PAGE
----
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Interim version of Dublin’s Fitzwilliam cycle route installed

An interim version of the delayed Fitzwilliam cycle route is in the process of being installed by Dublin City Council. The project is funded by the Department of Transport via the National Transport Authority.

Despite the design being bog standard internationally, the parking-protected aspect of the project is still seen as controversial by some local councillors and a local residents association.

Having a cycle lane or path inside parked is used limitedly in Dublin to date, but a section has been used between Smithfield and Stoneybatter for decades and is more widely used in Cork. But a parking protected lane was installed on Lombard Street over a year ago, and, since then, on Bridgefoot Street and Parkgate Street.

The Fitzwilliam route — which is just 1km long — underwent 20 different public and stakeholder engagements. At one public meeting, an attendee accused a councillor of being a “racist” because the cycle route which he first proposed was for foreigners and for tourists, not residents.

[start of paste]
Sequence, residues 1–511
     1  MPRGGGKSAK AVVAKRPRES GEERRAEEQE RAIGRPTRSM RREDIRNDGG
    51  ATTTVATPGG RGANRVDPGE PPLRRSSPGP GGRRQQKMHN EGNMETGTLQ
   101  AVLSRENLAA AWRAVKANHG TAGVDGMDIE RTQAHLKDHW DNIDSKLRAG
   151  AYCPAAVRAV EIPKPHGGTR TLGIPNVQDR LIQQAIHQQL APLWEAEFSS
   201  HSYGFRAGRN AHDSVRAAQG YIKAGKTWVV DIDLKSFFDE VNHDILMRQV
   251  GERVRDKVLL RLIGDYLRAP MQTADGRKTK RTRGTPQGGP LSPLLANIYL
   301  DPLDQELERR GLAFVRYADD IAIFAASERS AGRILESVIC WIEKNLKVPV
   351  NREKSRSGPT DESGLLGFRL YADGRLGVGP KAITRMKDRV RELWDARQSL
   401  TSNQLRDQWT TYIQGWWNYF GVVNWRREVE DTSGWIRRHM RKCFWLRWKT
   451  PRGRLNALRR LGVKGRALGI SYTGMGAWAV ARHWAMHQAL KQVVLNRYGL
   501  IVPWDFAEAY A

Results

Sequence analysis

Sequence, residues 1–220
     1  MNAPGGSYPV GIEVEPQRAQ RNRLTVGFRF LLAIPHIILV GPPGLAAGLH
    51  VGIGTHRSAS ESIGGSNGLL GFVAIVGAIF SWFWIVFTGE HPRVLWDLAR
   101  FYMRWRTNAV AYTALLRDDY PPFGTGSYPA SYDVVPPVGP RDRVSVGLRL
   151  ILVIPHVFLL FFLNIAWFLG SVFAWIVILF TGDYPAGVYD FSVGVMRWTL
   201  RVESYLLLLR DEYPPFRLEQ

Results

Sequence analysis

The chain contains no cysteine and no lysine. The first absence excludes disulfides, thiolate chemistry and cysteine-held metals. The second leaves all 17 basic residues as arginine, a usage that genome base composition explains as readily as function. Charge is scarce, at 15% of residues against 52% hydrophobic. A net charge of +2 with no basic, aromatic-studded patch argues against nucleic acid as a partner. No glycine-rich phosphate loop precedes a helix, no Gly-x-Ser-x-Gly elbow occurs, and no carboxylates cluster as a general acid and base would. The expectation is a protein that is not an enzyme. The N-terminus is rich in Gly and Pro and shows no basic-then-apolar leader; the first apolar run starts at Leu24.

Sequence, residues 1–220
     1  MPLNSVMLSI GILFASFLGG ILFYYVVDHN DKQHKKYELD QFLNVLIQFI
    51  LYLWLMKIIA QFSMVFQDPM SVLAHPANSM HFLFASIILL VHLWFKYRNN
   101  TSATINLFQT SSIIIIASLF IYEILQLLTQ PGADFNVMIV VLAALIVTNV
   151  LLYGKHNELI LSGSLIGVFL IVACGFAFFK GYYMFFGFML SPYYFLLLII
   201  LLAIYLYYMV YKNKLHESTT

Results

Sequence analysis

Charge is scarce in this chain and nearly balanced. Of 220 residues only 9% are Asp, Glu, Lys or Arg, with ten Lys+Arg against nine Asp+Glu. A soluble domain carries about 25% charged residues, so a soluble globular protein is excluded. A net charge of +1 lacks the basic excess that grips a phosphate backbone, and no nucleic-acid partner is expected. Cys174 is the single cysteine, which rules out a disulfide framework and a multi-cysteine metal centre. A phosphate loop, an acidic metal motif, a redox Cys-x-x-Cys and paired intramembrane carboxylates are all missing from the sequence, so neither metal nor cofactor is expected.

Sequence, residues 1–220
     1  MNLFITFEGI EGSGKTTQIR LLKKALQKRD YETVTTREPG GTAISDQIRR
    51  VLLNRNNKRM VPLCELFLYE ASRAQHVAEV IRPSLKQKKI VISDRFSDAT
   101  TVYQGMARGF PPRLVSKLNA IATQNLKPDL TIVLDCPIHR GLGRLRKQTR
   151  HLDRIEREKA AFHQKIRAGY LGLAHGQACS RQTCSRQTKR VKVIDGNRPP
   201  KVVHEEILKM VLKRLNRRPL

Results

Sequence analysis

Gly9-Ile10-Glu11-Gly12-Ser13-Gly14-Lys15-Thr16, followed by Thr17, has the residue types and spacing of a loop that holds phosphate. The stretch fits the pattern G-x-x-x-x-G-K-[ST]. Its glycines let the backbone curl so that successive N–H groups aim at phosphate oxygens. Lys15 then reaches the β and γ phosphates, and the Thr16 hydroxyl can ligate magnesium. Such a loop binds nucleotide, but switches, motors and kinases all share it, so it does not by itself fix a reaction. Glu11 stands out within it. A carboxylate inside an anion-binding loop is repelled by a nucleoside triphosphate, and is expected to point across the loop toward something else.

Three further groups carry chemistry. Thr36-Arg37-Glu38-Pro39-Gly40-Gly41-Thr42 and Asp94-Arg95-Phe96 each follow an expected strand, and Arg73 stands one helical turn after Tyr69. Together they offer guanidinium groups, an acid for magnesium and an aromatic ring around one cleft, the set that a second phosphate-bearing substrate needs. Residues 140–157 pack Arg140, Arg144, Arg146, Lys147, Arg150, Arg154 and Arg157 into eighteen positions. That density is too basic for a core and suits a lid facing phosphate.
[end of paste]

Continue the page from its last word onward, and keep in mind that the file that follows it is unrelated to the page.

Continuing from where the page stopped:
As part of an on-going investigation by this website on the delays to cycle routes in Dublin, Dublin City Council in June told this website: “Fitzwilliam Cycle Route: The issuing of construction tender documents has been deferred to December 2020. This is a result of problems encountered in the detailed design of the drainage system. This means that the permanent scheme will not be completed before Q4 2021. In the meantime, DCC will implement interim measures along the route in order to improve safety for cyclists.” is reader-funded journalism. That means it's funded by readers like you.

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Cian Ginty

1 comment

  1. just cant see why they dont use the dooring width standard which these schemes follow ie 1 meter minimum up to 1.5 meters like seen all over america who use these well.Thats the main problem with these as a car or van door on the passenger side can hit a cyclist easily when opened


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